Industry influencers at the International Sugar Beet Institute talk about the successes and challenges facing farmers – Agweek

GRAND FORKS, ND – The sugar beet industry, like all sectors of production agriculture, faces a myriad of challenges, from supply chain disruptions to high input costs to by policymakers who are increasingly disconnected from agriculture, two sugar beet industry spokespersons told farmers at the 60th annual International Sugar Beet Institute held in Grand Forks

However, there are also positives such as sharing industry successes with policy makers, high sugar prices and record national sugar production in 2021 that Luther Markwart, executive vice president of the American Sugarbeet Growers Association and Rob Johannson, director of economics and policy for the American Sugar Alliance analysis, highlighted during their presentations

Luther Markwart, executive vice president of the American Sugarbeet Growers Association, right, speaks with attendees at the International Sugar Beet Institute event at the Alerus Center in Grand Forks, North Dakota, on March 16, 2022.

Jenny Schlecht / Agweek

Markwart and Johannson gave keynote speeches on Wednesday, March 16, the first day of ISBI, and will speak again on March 17. The event, which rotates between Grand Forks and Fargo, North Dakota, also includes a trade show. with beet equipment and inputs used in crop production.

One of the U.S. sugar industry’s successes in 2021 has been record production, despite growing challenges in the season, Johannson said. Late rains in the otherwise dry growing season boosted yields in the northern plains, which previously appeared to be reduced by drought.

Whether this spring’s moisture will be adequate is a concern for some growers, and the majority will spend more money growing and harvesting their crops. Rising production costs mean farm income is likely to be lower in 2022 than it was in 2021, when input costs were lower, Johannson said.

“We’re arguing in Washington, DC, that you can’t just look at prices and say agriculture is in good shape,” Johannson said. “Last year was a high point.”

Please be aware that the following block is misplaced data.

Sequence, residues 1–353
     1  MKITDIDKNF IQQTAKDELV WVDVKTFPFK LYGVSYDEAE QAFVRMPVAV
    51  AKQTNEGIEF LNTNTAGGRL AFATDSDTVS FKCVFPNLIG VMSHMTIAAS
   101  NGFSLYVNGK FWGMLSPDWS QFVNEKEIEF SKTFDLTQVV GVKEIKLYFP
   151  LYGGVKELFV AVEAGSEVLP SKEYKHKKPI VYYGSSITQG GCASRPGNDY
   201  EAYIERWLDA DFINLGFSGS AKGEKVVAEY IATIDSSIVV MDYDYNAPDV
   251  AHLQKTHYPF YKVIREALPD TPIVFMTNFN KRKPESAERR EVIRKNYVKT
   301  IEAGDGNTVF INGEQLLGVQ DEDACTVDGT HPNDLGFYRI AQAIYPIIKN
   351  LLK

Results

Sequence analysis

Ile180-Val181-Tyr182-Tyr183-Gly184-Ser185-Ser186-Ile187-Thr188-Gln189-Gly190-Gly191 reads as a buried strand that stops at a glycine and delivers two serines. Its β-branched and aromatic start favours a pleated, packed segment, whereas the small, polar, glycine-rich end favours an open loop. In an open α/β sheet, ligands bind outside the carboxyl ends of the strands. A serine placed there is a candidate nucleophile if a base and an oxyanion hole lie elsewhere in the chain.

In addition to higher production costs, federal assistance programs such as the Market Facilitator Program, the Coronavirus Food Assistance Program and the Small Business Administration’s Paycheck Protection Program, which added to farm income, will no longer be in place, Johannson noted.

“Those programs were over,” he said.

Education of members of the Congressional Ag Committee, including some who were not in office when the last Farm Bill was written, is important because there will likely be an effort to change policies, reduce loan rates and eliminate availability of raw materials and contract awards.

Markwart pointed out to members of Congress that because the sugar industry is so efficient, there was no shortage of sugar, like there were many other items on grocery store shelves, during the coronavirus pandemic.

“Our big story was, ‘Congressmen, you’ve had a lot of worries for the past two years, and sugar wasn’t one of them,'” Markwart said.

Another way the sugar beet industry has sought to tell its story is to have sugar beets in the garden of the United States Department of Agriculture in Washington, D.C., so that policy makers can see the harvest. .

Over the next few months, sugar beet industry advocates will work to craft the best Farm Bill possible, which will include maintaining existing policies and protecting crop insurance.

“I’m optimistic about the future, but we have a lot of work to do,” Markwart said.

Rachel J. Bradford